What is a catalyst?

A trading catalyst is anything that causes a market reaction. The most common catalysts come from the economic data. In fact, you may have seen countless times the market reacting to an economic report and sometimes the moves can be very large.

Types of catalysts

There are generally two types of catalysts: external and internal. An external catalyst is something that comes from outside the market like economic data, unscheduled reports, central bank decisions and speeches, geopolitical events, leaks, rumours, natural disasters, earnings announcements and so on.

An internal catalyst is something that comes from inside the market like squeezes, margin calls, clusters of stop losses getting hit, important technical levels getting breached and strong moves in certain markets spilling over to other markets.

The market can react in different ways to a catalyst and sometimes it can be confusing because it’s not a straightforward thing. How many times have you seen an economic data coming in better than expected but the relative currency for example after an initial spike reverses in the opposite direction? You may refer to this article to get a general idea on how to trade such events.

Questions to ask before trading a catalyst?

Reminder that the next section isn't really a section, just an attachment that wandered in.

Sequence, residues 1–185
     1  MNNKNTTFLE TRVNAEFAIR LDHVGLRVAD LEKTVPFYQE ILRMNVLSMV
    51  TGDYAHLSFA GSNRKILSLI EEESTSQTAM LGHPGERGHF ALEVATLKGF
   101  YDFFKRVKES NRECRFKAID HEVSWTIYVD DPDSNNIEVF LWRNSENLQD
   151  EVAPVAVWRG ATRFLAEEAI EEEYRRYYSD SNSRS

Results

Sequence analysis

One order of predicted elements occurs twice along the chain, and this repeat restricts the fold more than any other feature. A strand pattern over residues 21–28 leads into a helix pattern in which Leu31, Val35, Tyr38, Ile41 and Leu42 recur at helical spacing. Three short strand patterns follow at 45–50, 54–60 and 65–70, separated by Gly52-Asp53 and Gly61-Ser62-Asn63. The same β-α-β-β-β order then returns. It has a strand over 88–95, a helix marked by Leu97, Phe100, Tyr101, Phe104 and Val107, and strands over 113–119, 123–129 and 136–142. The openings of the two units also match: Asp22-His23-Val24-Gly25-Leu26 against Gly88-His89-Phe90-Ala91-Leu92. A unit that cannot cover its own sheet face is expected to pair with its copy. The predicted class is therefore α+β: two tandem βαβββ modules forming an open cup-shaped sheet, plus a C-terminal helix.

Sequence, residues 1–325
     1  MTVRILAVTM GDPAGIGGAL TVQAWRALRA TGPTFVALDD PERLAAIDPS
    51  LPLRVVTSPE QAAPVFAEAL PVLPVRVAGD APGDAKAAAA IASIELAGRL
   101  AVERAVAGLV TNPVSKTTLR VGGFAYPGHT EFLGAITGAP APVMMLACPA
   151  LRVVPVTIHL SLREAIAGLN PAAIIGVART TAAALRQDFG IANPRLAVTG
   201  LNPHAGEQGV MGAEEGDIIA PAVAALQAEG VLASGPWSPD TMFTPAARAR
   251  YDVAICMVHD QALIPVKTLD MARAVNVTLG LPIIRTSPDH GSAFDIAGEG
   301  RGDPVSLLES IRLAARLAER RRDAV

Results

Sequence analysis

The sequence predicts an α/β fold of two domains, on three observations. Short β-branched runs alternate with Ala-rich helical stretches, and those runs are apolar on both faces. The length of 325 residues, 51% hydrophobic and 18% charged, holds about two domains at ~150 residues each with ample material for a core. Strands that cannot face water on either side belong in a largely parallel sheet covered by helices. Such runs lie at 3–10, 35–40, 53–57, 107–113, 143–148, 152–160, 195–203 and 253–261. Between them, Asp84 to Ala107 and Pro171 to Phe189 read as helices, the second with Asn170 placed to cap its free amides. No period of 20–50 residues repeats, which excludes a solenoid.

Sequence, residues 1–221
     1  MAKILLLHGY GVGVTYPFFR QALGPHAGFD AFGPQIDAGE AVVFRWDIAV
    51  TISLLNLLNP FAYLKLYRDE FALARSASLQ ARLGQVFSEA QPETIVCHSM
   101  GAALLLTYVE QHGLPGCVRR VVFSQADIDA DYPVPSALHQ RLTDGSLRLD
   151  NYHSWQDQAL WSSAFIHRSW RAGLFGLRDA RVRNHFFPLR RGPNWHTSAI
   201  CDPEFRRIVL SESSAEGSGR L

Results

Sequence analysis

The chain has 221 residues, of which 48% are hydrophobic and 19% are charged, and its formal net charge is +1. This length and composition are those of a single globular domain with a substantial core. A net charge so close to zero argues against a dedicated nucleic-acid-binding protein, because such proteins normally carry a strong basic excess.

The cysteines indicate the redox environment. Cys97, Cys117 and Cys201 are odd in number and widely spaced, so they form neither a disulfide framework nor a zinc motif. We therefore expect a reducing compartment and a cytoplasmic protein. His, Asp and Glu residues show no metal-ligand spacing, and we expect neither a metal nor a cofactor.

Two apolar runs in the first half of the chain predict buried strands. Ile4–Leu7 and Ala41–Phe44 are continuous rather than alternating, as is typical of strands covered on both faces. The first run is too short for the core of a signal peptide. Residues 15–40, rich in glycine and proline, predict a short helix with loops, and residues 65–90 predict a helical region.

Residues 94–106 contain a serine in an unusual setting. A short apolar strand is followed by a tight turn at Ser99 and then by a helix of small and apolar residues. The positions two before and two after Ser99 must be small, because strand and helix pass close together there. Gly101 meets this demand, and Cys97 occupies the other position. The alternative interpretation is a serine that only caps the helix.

There are a few questions you should ask yourself when trading a catalyst:

  • What market or markets are likely to be impacted by the catalyst?
  • Does this new piece of information change the market’s expectations?
  • Which direction the market is likely to take?
  • How long will the market be affected by the catalyst?

A catalyst can impact more than one market since there’s an inherent interrelationship among asset classes. For example, a US inflation report can impact the USD, Treasury bonds, the stock market, some commodities and even foreign markets. The magnitude of the impact though can differ based on the prevailing expectations and market positioning.

In the bigger picture though, it all comes down to the business cycle. In fact, 90% of markets moves are tied to growth, inflation and interest rates. So, the markets generally interpret new information around those three drivers and shape the expectations accordingly. A negative piece of news in a bull market will be seen like a drop in the ocean unless it changes completely the future expectations.

Two ways to time the market

There are generally two ways to time the market: one is via technical analysis and the other is via catalysts. The biggest problem with technical analysis is that you don’t know what level may actually hold and therefore you may get stopped out many times before getting it right or you may not even get the chance to enter because the market just keeps going.

The second way is by using catalysts in line with your fundamental bias. In fact, a catalyst not only brings more volume but it also gives the market a reason to go into a certain direction. Traders can either execute their trades in line with the catalyst or fade the reaction and enter at better prices if they deem it wrong-footed.